Table 2 summarizes the interrater reliability of app quality measures overall and by application type, that is, depression or smoking. The level of data completeness for each measure is additionally reported. When considered in aggregate, only the measure for interactiveness and feedback reached our threshold for agreement. However, a number of other measures came close, with alphas ˃.5: presence of password protection, whether the app was uploaded by a health care agency, number of consumer ratings, whether the app had an explicit privacy policy, whether the app had encryption, whether the app was based on research, and whether the app had product advisory support. There was the least agreement over whether apps had errors or performance issues, stated advertising policies, were easy to use, made claims about effectiveness being tested, and made data continuously available.

When ratings for depression apps were evaluated independently, both interactiveness and feedback measure and the password protection measure reached our threshold for agreement. Meanwhile, when ratings for smoking apps were evaluated independently, there was perfect agreement (alpha=1) on whether the apps were uploaded by health care agencies and whether the apps were encrypted. There were also differences in app quality measure reliability between the depression and smoking apps. The difference in alpha when applied to depression versus smoking apps was greater than .4 for the following measures: encryption, import/export capabilities, and specificity of intervention.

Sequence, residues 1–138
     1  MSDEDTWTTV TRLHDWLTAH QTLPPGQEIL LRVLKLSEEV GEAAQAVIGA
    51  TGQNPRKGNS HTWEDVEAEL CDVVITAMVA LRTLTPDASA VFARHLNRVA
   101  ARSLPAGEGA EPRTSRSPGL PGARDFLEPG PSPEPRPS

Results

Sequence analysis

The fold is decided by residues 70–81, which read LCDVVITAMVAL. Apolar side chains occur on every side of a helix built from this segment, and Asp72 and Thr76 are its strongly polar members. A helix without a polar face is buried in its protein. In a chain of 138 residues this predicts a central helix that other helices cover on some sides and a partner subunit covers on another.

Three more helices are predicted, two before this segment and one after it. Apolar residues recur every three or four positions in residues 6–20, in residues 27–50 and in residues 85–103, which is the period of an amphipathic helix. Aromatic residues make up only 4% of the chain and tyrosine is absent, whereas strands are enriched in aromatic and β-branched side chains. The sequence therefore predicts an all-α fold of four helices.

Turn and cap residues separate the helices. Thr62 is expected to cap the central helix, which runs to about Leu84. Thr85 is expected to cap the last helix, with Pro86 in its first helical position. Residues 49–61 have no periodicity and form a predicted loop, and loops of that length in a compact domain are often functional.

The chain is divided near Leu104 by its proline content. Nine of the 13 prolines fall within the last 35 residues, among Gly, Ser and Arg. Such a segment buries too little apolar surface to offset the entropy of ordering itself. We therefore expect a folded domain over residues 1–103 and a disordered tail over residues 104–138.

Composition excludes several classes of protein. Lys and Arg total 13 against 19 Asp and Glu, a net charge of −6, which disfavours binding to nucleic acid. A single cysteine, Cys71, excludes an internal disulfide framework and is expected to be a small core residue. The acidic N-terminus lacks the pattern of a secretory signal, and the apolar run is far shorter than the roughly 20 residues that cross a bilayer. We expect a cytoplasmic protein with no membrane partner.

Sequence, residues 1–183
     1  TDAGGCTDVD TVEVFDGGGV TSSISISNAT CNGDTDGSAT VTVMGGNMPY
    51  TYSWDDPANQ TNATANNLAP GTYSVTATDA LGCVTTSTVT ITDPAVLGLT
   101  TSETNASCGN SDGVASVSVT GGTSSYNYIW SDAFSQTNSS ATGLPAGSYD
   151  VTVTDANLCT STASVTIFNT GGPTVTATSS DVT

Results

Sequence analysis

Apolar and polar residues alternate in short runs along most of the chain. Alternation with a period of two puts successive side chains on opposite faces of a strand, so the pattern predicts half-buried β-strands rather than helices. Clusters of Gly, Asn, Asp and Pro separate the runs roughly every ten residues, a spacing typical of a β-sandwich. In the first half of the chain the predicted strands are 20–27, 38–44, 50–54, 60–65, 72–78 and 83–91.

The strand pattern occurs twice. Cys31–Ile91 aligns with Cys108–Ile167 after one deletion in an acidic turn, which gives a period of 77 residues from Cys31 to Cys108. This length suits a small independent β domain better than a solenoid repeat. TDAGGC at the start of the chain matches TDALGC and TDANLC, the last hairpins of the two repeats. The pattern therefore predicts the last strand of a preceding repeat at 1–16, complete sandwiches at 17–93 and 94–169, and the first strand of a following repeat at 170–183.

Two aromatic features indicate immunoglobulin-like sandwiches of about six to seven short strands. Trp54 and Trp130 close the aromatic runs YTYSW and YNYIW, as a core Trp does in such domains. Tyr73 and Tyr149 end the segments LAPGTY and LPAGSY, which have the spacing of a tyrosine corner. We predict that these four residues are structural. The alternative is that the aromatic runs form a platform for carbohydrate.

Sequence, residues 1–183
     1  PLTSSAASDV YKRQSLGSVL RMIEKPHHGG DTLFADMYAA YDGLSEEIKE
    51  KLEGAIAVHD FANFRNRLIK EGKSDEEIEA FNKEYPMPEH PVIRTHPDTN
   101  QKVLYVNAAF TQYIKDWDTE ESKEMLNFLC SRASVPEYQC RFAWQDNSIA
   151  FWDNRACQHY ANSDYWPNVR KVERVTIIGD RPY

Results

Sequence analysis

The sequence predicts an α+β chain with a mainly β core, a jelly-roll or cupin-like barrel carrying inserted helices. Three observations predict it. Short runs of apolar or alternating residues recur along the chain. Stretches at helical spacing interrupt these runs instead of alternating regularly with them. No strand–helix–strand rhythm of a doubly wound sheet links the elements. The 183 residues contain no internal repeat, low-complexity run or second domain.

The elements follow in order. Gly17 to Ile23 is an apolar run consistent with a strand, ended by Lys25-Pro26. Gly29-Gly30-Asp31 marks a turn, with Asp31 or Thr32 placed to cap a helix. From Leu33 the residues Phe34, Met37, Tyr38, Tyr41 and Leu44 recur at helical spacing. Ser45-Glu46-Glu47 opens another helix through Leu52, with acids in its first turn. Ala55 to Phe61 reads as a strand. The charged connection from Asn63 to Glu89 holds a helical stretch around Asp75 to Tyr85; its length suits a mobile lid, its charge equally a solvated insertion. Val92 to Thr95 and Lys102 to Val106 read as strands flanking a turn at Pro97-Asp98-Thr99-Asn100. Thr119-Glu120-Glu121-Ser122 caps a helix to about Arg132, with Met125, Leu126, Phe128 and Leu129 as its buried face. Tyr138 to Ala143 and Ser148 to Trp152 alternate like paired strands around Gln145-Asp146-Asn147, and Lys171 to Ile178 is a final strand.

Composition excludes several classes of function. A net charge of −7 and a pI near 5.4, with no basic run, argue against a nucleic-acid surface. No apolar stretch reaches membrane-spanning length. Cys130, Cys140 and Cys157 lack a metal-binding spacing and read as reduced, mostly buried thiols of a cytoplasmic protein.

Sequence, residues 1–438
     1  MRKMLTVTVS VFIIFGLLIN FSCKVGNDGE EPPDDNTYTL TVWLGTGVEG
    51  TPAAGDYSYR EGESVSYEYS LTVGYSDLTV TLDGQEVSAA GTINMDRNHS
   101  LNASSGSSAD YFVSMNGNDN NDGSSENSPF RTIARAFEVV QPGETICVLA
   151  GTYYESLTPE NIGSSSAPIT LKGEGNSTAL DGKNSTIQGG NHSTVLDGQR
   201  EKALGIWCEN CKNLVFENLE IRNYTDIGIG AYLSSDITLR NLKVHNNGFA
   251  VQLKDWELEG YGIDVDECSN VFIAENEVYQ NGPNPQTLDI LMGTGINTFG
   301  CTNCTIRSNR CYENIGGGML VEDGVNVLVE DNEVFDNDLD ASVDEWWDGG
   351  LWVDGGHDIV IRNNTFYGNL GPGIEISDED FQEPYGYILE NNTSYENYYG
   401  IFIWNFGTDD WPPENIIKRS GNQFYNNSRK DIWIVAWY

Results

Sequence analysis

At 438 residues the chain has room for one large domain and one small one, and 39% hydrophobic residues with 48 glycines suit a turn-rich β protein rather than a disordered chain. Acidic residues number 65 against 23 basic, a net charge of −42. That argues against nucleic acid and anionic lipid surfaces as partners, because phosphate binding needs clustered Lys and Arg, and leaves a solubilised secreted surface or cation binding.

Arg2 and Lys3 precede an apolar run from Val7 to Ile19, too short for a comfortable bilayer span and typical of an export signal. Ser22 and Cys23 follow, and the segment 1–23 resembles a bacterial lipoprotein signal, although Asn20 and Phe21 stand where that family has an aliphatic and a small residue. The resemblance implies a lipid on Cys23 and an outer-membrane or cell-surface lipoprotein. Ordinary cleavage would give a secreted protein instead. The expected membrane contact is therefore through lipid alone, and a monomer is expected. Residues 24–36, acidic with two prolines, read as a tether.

Table 2. Interrater reliability of depression and smoking apps by measure.
MeasureInterrater reliability (Krippendorff’s alpha)Completeness, %
Password protection0.650.750.3793
Uploaded by health care agency0.630.601.0093
Number of consumer ratings0.590.740.4293
Explicit privacy policy0.550.730.3893
Basis of research0.530.550.4493
Product advisory support0.520.550.4493
Offers technical support or help0.450.500.3593
Software support0.440.420.4493
Import/export capabilities0.420.470.0493
Developer contactable0.420.380.3693
Specificity of intervention0.360.33-0.1491
Source of funding for research0.360.220.5992
Discloses potential risks0.310.230.0093
Effectiveness (Perceived)0.300.430.1293
Continuous availability of data0.270.220.0993
Effectiveness tested (claimed by app)
Ease of use0.180.090.2393
Advertising policy stated0.16-0.040.2093
Errors and performance issues0.150.280.0393

Principal Findings